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Old 09-13-2008, 09:43 AM   #1
Registered: Aug 2008
Location: India, Kerala
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Smile Where to install and hack on the source


Before i go into my actual question please clear the following doubt:

When i install the linux distribution does the linux source gets installed at /usr/src/linux ?

Going into the real question:

I found this passage in one of the linux books:

Where to Install and Hack on the Source

The kernel source is typically installed in /usr/src/linux. Note that you should not use this source tree for development. The kernel version that your C library is compiled against is often linked to this tree. Besides, you do not want to have to be root to make changes to the kernel.Instead, work out of your home directory and use root only to install new kernels. Even when installing a new kernel, /usr/src/linux should remain untouched.
I did not get the real meaning of this passage.
Can anyone please explain to me in detail the meaning of this? I have just started with studying the kernel and i think the meaning of the above passage will be very useful.

Old 09-13-2008, 10:49 AM   #2
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Registered: Mar 2006
Location: Norway
Distribution: Debian Etch, HP nc6320 laptop
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First: The only distribution I have any practical experience with is Debian.

The source code for the kernel, when downloaded and installed, will normally reside in a subdirectory of /usr/src. The subdirectory will carry the name of the kernel version, e.g. 'linux-2.6.26'. As kernel development proceeds you may choose to download the source code for a newer version, which will then be put in another subdirectory, e.g. 'linux-2.6.27'.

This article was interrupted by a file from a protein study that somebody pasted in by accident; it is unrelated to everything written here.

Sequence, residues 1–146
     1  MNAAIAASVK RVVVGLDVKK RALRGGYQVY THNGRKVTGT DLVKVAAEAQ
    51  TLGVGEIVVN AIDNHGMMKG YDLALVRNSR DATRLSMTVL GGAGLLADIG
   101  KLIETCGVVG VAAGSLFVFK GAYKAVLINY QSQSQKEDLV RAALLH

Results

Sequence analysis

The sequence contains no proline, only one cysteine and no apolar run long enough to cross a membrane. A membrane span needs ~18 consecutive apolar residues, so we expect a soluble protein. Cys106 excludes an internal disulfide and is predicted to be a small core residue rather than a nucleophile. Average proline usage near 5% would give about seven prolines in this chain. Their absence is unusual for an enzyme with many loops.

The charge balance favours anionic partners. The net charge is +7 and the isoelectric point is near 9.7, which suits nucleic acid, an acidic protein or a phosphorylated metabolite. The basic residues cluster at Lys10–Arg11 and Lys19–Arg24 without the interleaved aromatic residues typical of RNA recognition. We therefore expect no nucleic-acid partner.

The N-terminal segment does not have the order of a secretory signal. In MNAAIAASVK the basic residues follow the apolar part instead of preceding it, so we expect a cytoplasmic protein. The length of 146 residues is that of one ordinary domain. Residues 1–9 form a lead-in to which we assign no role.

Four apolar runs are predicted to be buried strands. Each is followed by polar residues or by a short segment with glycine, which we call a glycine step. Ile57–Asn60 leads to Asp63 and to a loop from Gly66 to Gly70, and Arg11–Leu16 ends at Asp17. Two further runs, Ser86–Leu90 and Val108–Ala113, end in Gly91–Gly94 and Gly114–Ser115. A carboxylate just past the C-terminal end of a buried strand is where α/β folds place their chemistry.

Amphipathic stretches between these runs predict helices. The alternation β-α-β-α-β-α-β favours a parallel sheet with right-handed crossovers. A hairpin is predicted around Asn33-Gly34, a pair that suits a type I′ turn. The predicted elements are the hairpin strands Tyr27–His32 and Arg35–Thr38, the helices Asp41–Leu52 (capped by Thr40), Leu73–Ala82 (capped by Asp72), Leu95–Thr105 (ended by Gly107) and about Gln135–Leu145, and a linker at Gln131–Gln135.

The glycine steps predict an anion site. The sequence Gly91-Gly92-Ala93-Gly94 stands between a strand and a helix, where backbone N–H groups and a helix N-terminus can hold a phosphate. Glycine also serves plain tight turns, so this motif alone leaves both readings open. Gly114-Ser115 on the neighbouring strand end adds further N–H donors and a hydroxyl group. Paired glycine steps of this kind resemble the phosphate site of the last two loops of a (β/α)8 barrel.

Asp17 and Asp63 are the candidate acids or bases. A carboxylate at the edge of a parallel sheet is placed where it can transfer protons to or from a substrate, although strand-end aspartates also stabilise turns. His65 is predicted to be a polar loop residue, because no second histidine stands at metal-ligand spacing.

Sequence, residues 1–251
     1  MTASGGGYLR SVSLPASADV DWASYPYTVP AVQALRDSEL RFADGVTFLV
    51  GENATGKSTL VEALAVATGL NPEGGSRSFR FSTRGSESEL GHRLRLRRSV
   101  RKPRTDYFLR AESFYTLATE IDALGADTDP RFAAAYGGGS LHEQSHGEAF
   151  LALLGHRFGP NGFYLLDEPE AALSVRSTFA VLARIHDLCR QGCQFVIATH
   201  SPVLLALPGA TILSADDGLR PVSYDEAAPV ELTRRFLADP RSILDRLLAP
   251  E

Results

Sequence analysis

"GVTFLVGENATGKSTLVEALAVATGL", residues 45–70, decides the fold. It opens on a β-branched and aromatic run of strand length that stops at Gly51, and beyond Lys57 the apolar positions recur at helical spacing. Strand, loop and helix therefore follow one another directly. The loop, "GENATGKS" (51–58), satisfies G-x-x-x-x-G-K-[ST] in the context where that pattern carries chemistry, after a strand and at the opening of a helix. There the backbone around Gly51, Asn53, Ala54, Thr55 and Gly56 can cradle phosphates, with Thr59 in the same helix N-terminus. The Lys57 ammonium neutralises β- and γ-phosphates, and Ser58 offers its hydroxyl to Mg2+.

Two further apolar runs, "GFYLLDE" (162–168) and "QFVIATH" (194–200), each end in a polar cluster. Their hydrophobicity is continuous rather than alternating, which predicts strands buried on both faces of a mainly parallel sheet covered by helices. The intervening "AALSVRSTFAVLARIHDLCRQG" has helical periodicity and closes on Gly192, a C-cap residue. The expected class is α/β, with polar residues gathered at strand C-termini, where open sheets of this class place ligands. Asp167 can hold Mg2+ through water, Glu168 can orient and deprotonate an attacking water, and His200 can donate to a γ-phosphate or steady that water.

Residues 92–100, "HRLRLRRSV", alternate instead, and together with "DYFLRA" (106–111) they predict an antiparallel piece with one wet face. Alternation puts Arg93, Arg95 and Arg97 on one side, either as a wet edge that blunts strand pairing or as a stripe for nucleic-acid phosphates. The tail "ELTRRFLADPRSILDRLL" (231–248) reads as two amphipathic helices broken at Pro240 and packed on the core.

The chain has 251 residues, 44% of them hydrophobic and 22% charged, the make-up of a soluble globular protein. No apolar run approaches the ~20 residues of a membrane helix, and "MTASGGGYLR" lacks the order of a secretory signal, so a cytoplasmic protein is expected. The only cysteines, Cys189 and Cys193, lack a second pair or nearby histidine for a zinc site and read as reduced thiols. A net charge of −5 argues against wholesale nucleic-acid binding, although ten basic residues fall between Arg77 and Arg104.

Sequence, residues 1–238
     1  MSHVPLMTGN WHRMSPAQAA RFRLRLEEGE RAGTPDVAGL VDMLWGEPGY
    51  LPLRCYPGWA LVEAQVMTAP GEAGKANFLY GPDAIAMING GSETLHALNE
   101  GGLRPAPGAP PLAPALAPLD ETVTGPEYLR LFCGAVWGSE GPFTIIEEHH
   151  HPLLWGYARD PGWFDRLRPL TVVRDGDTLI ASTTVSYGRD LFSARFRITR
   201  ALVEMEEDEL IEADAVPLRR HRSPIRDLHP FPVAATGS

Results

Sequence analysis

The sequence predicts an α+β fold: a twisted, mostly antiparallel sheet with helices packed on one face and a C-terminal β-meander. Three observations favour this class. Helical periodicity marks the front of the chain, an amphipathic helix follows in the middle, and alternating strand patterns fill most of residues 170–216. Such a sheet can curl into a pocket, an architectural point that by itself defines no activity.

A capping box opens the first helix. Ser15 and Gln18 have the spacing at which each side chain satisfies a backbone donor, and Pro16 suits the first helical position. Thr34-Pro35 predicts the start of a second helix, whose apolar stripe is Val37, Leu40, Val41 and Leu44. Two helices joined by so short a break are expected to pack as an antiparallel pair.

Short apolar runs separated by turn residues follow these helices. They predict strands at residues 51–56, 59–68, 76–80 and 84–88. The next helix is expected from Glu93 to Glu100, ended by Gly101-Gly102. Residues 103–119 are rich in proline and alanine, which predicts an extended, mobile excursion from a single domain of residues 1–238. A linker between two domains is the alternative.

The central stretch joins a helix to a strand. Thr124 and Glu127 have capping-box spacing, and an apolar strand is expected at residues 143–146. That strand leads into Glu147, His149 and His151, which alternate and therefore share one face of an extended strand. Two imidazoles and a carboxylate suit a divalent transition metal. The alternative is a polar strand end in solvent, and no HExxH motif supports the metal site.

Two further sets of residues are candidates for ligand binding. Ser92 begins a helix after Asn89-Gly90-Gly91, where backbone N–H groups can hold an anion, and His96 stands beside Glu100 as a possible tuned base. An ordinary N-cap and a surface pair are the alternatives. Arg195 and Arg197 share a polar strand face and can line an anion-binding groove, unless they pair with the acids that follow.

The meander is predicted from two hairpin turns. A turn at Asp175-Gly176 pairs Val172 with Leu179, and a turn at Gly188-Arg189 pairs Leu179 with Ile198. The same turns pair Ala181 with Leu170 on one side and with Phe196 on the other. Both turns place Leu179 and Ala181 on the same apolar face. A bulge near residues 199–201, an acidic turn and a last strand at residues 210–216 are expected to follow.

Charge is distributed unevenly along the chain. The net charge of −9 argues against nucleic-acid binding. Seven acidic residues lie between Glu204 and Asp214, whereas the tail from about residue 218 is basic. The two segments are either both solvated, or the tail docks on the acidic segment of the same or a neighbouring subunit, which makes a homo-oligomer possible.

When you choose to build a new kernel from the source, you create a symbolic link to the subdirectory with the source code for the kernel version you wish to build, like so:

ln -s /usr/src/linux-2.6.26 linux
Now you have a directory named /usr/src/linux and you don't need to worry about getting version names mixed up. When you decide to build a newer version all you do is delete the symbolic link:

rm /usr/src/linux
and then create a new symbolic link to the kernel source directory of your choice.

Of course, you have to actually download and install the source code first. It doesn't automatically get installed (in Debian, at least).

Now, the book passage you refer to is basically saying:

"Don't mess with kernel source in the directory where you keep the source that will actually be compiled and built. Do the dirty work in your home directory so you're sure you don't mess up your system with some potentially bad code. Always be sure you have the original and untouched code available in /usr/src/linux."

Hope this helps!

Last edited by corgi; 09-13-2008 at 10:53 AM.
Old 09-13-2008, 01:17 PM   #3
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Registered: Nov 2006
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When you choose to build a new kernel from the source, you create a symbolic link to the subdirectory with the source code for the kernel version you wish to build, like so:
In fact, it's much easier than that. Just do nothing. In Debian, you do not need a link to /usr/src/linux. You might even find that it's more convenient to have your source kernels somehere else; say on a different drive. Any package that needs to use the kernel headers should be looking in /lib/modules/<kernel version>/source, which will point to the actual source used to build the running kernel.


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